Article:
Temperatures topped 50°C for a second day in a row in scorching Sweihan on Wednesday as the town in Al Ain lived up to its billing as a major UAE hot spot.
After the mercury rose to a sizzling 51°C on Tuesday, it was a barely cooler 50.3°C on Wednesday. Those were the hottest temperatures recorded across the Emirates on those days.
Soaring temperatures are the subject of hot debate around the world, but it was just another summer's day for the many people of Sweihan.
After all, it hit 51.8°C in the town in June 2021 — the hottest temperature on Earth on that particular day.
It may have been a whole 1.5°C cooler on Wednesday, but it was still hot enough to break a thermometer when The National visited.
The device showed a base-level reading of 33°C before rapidly climbing to 43°C and then beeping and switching itself off.
It seems not all technology is built to withstand the searing desert sun.
Leaving parked cars' engines running to maintain air conditioning also caused difficulties, when workers stopped at roadside cafes to grab a bite to eat and their radiators overheated.
But the people of Sweihan were more than able to cope.
In the UAE’s sweltering desert heat, staff at cafes and repair shops went about their daily routines as normal on Wednesday, serving customers from the police station and local farms.
Turning up the heat
It has been a different story around the world as large parts of grassland have become a tinderbox across Europe this summer, with wildfires across France, Spain, Portugal and the UK — where the hottest day on record was recorded in July when it was 40.3°C at Heathrow Airport.
Meanwhile in the US, a heat dome hanging over the Pacific North-west has caused average temperatures of 38°C across the country this summer, from New York to Las Vegas.
It has been even hotter in Dallas, Texas, where the heat peaked at 44°C last month.
The US is also the country with the hottest recorded temperature since records began.
The aptly named "Furnace Creek" weather station in California noted a fiery 56.7°C on July 10, 1913.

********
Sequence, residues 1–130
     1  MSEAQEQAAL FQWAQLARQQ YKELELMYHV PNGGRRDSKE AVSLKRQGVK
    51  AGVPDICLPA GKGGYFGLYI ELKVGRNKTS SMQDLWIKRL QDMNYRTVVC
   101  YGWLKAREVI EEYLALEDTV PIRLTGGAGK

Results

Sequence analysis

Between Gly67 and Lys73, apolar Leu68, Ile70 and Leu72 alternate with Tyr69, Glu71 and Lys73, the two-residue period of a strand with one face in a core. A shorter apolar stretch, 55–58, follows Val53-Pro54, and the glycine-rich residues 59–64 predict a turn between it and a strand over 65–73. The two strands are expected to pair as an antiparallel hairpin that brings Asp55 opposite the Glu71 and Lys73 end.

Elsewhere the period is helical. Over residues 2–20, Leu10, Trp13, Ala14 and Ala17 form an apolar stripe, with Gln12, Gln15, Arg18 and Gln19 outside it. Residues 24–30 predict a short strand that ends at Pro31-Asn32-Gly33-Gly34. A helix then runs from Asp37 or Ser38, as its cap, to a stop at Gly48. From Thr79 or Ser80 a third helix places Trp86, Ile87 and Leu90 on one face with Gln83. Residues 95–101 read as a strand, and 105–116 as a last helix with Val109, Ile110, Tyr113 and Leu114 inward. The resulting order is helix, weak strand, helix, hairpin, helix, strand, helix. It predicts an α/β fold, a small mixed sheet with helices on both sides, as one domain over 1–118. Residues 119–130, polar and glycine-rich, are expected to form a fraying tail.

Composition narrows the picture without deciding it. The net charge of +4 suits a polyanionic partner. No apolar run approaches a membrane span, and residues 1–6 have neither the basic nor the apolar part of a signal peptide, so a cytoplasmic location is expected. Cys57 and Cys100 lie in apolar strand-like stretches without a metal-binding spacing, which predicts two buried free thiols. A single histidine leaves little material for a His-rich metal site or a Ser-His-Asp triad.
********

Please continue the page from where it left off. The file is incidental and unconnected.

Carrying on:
It has been a year of extreme weather, with a global pattern of rising temperatures and climate change attributed by many scientists to human activity.
Heatwaves are likely to become more intense and frequent across most land regions in the next few years, the UN's global panel of climate scientists says.
Atmospheric conditions also play a part in increasingly common heatwaves, with changes to the jet stream — a fast-moving air current in the Northern Hemisphere — increasing their frequency, a study in scientific journal Nature has said.
Professor Jos Lelieveld, of The Cyprus Institute and the Max Planck Institute for Chemistry in Germany, studies weather patterns and climate change in the Mediterranean and the Middle East, and said recent high temperatures could become commonplace.
“Our research has shown that the rate of climate change in the Middle East is twice that of the world,” he said.
“Especially summers are warming rapidly, which is related to the atmospheric circulation and the prevalent dryness. The Gulf region is affected most strongly.
“The strong warming triggers additional use of air conditioning, utilising fossil fuels and emitting greenhouse gases.
“This creates a vicious circle, and the region has overtaken Europe in the emission of greenhouse gases.
“A commitment to the enhanced use of renewable energy, which is plentiful in the Middle East, will be very important.”
In the desert town of Sweihan, scorching temperatures have become a part of everyday life, particularly at this time of year.
Thankfully, some respite is in store, with the heat of recent days due to subside to a balmy 45°C on Thursday and Friday, the National Centre for Meteorology forecasts, with cooling rain on Sunday.